I have an essay due about Hugh Selwyn Mauberley by Ezra Pound very soon, and i'm totally baffled.
This is the hardest, most awkward poem i've ever read. I barely understand the poem, let alone the essay question!
The question is: "What attitude towards the arts, especially poetry, emerges from 'Hugh Sewlyn Mauberley?"
The module this question is for is related to the modernist movement.
Can someone PLEASE help me with this? Can anyone tell me which parts of the poem show an attitude towards the arts, and what that attitude is? So far, all i've got is that when Pound wrote " the 'age demanded' chiefly a mould in plaster, / made with no loss of time, / a prose kinema, not, not assuredly, alabaster / or the 'sculpture' of rhyme" That he was complaining that poetry (?) had become too focused on things that are outwardly beautiful and easy, with no enduring innter beauty. Beyond that, i'm LOST!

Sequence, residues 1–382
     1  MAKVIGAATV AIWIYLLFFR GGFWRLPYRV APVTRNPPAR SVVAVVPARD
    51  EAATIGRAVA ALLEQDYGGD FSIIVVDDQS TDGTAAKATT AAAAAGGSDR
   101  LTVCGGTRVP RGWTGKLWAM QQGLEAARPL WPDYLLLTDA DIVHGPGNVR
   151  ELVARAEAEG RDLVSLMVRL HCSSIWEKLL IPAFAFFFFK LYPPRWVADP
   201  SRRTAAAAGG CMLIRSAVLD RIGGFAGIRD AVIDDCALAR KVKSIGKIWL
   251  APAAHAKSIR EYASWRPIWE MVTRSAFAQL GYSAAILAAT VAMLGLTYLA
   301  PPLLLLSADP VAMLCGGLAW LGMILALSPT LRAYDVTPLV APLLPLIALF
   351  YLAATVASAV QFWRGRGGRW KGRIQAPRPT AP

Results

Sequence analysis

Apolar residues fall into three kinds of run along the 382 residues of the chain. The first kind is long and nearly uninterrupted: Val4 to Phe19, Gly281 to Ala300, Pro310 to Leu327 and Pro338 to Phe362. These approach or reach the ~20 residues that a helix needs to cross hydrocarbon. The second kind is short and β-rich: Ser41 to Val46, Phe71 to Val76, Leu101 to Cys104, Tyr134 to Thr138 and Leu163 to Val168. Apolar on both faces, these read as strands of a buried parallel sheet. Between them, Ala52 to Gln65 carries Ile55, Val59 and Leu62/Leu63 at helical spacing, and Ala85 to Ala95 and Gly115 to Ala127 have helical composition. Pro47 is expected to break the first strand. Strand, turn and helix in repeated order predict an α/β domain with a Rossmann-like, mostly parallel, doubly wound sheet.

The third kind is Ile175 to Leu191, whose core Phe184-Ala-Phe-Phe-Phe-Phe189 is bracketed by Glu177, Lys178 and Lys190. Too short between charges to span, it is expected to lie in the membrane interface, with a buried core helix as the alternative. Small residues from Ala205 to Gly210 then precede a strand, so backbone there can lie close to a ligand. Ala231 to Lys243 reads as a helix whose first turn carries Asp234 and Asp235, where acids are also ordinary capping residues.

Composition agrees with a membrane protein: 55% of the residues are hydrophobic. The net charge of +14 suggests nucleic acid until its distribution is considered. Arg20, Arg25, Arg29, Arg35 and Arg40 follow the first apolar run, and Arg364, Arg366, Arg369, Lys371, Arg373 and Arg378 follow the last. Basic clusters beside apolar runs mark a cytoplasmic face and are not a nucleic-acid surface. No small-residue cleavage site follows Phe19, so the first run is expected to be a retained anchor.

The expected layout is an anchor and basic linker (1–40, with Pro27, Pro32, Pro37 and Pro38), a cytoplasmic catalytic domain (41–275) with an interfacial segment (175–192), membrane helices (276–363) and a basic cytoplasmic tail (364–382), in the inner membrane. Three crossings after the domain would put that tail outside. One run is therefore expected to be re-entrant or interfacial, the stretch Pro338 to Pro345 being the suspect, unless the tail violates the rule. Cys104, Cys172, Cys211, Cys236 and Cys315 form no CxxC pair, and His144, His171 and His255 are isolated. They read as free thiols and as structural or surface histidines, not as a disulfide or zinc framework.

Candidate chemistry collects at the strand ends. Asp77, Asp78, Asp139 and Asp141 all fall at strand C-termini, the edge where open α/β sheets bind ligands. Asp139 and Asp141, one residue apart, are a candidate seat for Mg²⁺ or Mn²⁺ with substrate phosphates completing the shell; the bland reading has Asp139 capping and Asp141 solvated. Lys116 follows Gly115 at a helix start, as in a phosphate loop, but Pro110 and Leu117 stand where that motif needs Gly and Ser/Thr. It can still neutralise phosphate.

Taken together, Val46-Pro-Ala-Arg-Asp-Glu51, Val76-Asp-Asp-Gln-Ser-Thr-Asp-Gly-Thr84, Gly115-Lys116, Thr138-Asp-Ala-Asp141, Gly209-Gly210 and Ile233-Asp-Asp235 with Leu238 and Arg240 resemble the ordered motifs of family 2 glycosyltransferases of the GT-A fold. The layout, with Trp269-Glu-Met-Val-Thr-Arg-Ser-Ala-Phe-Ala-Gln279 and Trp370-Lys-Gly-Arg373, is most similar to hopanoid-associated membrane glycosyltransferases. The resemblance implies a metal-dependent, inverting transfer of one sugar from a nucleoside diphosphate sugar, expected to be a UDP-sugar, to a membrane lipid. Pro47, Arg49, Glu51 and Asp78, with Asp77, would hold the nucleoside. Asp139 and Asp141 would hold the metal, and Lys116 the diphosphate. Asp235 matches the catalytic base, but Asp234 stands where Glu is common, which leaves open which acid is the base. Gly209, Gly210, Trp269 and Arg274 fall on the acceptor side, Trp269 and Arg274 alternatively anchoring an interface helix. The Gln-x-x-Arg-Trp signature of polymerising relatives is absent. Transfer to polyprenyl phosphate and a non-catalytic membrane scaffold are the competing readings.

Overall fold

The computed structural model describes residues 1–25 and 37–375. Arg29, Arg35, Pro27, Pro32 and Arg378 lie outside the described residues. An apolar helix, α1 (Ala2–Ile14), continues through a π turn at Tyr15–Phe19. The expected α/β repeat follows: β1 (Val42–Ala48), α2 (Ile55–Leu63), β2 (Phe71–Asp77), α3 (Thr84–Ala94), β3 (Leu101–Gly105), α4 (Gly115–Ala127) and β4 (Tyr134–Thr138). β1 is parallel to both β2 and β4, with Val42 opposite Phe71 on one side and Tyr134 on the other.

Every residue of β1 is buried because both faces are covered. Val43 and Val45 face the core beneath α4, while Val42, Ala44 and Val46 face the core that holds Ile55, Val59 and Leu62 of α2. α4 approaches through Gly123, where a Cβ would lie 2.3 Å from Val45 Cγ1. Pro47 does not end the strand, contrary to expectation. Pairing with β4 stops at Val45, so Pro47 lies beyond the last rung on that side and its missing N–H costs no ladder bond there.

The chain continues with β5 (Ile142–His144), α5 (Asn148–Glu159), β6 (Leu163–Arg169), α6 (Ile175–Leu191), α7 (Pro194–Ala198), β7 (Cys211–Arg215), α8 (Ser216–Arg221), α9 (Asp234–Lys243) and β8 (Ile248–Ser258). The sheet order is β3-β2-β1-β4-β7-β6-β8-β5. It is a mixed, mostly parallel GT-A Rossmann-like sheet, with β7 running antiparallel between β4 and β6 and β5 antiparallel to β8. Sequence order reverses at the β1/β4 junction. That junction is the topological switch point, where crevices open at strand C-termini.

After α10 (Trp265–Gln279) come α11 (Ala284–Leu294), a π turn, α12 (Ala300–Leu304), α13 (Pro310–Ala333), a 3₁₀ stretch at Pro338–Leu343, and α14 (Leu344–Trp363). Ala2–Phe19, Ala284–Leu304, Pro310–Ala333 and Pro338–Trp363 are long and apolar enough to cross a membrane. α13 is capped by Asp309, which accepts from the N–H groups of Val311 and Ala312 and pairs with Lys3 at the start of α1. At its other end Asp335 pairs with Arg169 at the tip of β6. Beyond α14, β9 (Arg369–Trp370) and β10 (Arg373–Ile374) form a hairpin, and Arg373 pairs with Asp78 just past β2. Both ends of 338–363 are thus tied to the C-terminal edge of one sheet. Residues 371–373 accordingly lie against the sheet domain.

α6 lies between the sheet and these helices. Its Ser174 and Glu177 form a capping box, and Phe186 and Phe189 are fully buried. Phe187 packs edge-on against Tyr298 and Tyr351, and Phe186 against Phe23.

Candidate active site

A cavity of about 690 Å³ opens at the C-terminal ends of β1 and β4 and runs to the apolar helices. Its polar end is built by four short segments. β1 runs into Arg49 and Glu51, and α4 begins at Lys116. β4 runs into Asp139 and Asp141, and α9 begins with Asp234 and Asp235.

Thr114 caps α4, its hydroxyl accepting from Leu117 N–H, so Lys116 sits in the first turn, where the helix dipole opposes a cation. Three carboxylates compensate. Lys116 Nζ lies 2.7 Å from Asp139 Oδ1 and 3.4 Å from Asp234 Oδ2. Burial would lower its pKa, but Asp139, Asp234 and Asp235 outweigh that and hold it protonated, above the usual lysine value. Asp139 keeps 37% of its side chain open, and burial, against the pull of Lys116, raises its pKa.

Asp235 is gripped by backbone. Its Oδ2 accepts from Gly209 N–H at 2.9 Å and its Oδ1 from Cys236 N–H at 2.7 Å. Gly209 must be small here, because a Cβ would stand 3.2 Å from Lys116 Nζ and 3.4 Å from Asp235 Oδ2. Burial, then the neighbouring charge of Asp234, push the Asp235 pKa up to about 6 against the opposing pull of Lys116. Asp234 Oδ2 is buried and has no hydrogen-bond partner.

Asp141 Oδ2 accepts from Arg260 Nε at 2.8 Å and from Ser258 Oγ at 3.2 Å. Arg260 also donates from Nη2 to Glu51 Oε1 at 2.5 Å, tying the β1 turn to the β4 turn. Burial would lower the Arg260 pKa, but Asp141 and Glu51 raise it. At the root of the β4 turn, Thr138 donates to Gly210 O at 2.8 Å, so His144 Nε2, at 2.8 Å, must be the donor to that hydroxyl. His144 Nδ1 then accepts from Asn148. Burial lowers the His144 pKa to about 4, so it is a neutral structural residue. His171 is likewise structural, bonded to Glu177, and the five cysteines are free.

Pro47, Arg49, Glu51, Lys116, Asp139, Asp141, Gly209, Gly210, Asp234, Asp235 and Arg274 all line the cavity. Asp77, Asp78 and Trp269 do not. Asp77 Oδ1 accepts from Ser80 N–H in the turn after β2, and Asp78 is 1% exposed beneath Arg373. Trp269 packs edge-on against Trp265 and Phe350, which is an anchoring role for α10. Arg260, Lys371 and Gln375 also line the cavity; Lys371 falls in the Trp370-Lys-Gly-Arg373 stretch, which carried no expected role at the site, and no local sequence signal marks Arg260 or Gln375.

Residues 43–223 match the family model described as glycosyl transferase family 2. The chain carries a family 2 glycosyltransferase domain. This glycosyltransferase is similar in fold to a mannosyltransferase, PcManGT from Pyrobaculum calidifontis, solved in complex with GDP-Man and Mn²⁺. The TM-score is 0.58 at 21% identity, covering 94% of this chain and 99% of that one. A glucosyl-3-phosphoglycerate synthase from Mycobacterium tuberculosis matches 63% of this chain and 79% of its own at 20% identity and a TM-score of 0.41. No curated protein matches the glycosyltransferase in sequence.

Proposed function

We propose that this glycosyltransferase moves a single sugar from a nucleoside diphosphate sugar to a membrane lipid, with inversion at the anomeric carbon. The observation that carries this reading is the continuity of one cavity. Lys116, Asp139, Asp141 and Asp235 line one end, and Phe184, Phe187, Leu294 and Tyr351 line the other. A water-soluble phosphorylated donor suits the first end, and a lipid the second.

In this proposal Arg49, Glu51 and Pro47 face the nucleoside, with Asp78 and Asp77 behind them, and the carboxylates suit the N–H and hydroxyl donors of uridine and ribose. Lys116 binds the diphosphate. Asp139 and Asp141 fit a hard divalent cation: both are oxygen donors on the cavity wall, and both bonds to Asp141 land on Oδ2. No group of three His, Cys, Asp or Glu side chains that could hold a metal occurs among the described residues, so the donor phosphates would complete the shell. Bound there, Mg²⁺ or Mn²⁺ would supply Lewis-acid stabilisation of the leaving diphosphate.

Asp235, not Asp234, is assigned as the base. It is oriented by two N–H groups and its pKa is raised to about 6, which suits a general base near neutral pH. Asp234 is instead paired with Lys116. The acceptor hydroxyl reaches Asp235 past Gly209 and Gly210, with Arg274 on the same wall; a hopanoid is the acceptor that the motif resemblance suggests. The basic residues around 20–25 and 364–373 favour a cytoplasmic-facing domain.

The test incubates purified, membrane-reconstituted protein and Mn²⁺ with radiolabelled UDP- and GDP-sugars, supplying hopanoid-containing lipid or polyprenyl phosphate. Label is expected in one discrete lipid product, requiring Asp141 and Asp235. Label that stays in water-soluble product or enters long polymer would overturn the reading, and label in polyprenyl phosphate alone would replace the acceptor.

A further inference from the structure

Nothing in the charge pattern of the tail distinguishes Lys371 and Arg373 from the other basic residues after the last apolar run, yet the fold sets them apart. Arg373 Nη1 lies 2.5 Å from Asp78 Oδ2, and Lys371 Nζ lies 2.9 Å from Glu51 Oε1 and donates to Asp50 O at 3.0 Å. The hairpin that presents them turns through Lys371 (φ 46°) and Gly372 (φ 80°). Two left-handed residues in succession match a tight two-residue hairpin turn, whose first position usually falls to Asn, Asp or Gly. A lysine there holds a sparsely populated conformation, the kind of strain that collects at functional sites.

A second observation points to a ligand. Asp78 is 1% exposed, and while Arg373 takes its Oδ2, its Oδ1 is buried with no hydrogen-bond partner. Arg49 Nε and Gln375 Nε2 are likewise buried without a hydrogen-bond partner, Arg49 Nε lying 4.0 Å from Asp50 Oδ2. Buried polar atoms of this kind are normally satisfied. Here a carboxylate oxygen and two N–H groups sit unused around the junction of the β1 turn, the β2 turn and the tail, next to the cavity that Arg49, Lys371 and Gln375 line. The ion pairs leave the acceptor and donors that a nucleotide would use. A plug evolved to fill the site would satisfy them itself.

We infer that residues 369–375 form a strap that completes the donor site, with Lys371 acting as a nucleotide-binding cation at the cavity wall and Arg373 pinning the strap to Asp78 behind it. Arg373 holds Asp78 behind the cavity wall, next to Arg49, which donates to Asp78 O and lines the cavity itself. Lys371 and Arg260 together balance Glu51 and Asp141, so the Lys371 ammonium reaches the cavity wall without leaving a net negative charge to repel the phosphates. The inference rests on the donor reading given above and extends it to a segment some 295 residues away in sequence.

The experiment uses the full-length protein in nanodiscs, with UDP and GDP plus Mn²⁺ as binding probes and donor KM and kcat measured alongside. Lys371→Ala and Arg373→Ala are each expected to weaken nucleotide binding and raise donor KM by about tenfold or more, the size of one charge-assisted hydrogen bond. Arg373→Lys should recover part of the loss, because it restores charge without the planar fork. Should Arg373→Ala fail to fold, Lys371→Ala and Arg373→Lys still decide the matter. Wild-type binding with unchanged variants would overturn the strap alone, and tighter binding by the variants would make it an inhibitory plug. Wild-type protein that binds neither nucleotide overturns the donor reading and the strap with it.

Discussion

Any help is greatly appreciated.